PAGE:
Identifying What You Know from Sources of Information

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Whether you are in the middle of researching a line, or you are starting from scratch, you must begin your research of a family by recording what you already know from sources of information immediately available to you.

Identifying What You Know

You are going to begin with the target person and work your way back in time. This means finding and recording documents that link this target person with their parents. In addition, it’s important to not try to rush this process and speed on to the grandparents until you have fully documented this first family. This will be the foundation upon which you will build all other information.

It can be very tempting to record birth, marriage and death and just move on. However, remember as a genealogist it is extremely important to document and cite sources of information. You can do this on paper, or online. There may be times during the interview process that you will want to make an audio or video tape. Keep and store all of this information. If this person has siblings go ahead and record information about them as well.

Beginning Sources of Information

Gather up as many documents as possible from the family and friends of the target person. Many times searches begin with a family Bible in which someone has written names and birthdates, or perhaps there are photographs to be logged and categorized. Try as much as possible to identify the people in the photographs along with the date the photograph was taken. Was there a story about the photo? Capture all of that information.

Was the target person in the military? Did they have any military medals that someone kept as a treasure? Was this person baptized? Does the family have a baptismal certificate anywhere? What is know about any land the family may own? Are there any deeds, mortgages, or patents lying about?

Some families will keep prayer cards and registers from funerals. These may contain not only the date for the funeral, but indicate something about family and friends that would have known the deceased. Was the target person employed? They may have kept several versions of resumes. This would give some indication of how they moved about and the businesses where they were employed.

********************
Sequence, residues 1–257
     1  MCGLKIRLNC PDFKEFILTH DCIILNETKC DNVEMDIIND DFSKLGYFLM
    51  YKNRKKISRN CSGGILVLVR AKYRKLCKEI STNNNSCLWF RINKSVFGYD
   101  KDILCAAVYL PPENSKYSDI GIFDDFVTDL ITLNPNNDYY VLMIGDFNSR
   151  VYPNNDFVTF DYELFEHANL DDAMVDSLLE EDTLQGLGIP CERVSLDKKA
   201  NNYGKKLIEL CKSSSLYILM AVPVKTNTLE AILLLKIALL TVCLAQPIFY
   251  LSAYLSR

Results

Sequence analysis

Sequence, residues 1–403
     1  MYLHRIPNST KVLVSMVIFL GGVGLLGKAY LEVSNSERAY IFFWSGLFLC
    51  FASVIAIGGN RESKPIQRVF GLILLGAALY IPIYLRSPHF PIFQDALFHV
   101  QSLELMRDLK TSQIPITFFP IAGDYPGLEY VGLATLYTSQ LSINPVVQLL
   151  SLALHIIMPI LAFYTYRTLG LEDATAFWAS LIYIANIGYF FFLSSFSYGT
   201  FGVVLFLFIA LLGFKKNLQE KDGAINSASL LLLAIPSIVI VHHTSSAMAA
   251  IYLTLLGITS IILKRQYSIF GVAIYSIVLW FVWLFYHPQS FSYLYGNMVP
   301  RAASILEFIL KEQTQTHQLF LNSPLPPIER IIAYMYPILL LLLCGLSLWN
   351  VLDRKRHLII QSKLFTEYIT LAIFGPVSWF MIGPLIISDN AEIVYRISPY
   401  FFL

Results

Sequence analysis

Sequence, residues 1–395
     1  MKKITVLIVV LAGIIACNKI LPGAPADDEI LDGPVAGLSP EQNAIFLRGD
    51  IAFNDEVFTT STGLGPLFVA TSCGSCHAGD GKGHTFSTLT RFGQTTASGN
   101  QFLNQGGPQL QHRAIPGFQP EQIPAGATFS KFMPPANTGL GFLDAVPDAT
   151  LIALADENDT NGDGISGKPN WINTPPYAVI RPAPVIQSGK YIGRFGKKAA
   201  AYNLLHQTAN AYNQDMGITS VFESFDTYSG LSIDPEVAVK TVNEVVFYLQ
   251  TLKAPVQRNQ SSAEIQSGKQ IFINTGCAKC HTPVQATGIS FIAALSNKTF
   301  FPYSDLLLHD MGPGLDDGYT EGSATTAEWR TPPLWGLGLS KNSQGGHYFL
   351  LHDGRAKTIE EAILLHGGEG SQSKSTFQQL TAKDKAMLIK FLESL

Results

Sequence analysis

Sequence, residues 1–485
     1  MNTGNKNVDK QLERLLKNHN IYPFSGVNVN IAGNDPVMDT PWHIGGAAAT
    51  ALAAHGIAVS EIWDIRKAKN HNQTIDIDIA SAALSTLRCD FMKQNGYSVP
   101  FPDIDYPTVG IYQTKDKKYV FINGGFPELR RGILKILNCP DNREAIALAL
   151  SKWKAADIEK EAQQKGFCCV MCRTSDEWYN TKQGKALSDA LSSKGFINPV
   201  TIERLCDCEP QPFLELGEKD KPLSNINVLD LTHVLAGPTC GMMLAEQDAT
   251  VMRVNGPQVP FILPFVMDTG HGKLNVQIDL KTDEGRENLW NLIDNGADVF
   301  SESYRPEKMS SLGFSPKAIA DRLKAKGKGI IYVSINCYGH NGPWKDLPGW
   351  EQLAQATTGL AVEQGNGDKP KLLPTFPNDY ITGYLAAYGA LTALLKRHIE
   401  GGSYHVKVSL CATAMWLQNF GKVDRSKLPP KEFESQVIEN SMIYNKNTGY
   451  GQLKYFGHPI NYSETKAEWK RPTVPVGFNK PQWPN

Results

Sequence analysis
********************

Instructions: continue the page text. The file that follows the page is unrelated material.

There are three things you can learn from these types of artifacts:

  1. The person who cared enough to try to keep these artifacts cares about the target person, or family. They probably know more about the family because they think these things are worth preserving.
  2. Some documents will be considered evidence. Wills often contain the names of the children and perhaps grandchildren. That baptismal certificate indicates something about birth. These may turn out to be the only clues for that event ever recorded.
  3. Perhaps these artifacts will give you clues about other places to look for records. Maybe there was a court case that needs researching.

Many families keep newspaper clippings of obituaries. If you are fortunate enough to have these, they may contain where the deceased live and died, the date of death, names of children and/or spouses, and place of burial. Record each and every detail you find there. These clues could become important jumping off places for additional information.

Make sure to organize and catalog all of the information you collect. Try as much as possible to identify dates and locations.

Source Types

There are many types of sources you might find around the home. Here are some that are the most common:

Feel free to use this list a prompt to help you ask about and find these important sources of information.

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